As our statement on Tuesday’s Census Bureau report notes, a key measure of inequality known as the Gini index was tied for its highest level on record in 2012, further evidence of worsening inequality.
Today’s Census Bureau health insurance coverage data do not reveal much about the impact of health reform. That’s because the Census data reflect the number of people with and without health insurance coverage in 2012, but health reform’s major coverage expansion provisions will not take effect until 2014. But, anyone examining the Census data should keep the following in mind:
The shares of the nation’s income going to each of the bottom 60 percent of households in 2012 remained at 2011’s record low levels in data that go back to 1967, today’s Census Bureau report shows. The share going to the top 20 percent was statistically unchanged at last year’s record highs (see graph).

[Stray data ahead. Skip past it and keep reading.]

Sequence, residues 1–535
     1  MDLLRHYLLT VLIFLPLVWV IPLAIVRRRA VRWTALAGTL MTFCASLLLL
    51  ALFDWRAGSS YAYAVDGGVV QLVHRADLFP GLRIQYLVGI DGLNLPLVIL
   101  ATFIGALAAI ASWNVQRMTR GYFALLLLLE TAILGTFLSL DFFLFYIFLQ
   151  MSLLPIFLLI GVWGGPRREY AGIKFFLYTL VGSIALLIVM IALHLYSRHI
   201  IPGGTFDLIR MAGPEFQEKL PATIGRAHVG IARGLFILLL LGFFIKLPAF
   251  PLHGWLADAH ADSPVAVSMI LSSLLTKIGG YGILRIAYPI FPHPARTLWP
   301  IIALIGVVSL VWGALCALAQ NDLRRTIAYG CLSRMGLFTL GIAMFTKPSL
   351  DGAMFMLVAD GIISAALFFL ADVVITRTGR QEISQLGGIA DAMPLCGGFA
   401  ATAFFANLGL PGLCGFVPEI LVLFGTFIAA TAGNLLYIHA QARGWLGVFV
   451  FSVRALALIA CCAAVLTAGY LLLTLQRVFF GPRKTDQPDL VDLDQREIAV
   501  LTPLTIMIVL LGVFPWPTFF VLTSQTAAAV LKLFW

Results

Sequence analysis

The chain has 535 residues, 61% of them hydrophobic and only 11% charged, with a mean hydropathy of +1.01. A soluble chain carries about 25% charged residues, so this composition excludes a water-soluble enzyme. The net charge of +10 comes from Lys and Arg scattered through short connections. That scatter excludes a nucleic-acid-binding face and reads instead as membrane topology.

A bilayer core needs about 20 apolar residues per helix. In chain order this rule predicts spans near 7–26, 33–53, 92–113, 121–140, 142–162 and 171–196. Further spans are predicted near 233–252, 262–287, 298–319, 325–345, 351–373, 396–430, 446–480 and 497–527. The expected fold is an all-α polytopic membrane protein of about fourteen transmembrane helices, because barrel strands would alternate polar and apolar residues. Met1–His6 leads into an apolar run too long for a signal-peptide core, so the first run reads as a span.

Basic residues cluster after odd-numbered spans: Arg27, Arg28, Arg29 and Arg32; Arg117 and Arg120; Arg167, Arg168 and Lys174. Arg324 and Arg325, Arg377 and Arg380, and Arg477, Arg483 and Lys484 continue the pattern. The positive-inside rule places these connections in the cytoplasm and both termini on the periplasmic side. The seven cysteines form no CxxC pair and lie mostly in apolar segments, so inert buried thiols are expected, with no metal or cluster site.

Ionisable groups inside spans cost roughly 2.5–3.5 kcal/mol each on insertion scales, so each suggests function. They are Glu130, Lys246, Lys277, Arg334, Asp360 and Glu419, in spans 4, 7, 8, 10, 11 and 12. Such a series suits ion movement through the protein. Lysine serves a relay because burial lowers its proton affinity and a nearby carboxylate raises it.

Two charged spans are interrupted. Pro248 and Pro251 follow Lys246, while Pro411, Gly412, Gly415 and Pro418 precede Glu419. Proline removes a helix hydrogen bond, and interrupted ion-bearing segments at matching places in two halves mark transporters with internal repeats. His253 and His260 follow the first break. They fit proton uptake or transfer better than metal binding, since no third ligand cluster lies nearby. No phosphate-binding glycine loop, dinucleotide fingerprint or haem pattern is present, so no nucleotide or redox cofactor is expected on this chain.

The share of Americans without health insurance fell for a second straight year, the Census Bureau announced today. The data suggest that gains in children’s coverage and private coverage among the non-elderly, as well as greater enrollment in Medicare, are the key contributors.
SNAP (the Supplemental Nutrition Assistance Program, formerly known as food stamps) lifted 4 million people above the official poverty line in 2012, according to new data that the Census Bureau released today. That’s the highest level on record (see chart). (Census doesn’t adjust its data for population growth, but we did and confirmed that the share of the population that SNAP lifted out of poverty also stood at a record high.)
The Census Bureau’s estimates of the number of Americans with and without health insurance in 2012 don’t come out until tomorrow, but other data and historical trends provide clues to what they will show, our report explains. Here are four things to look for.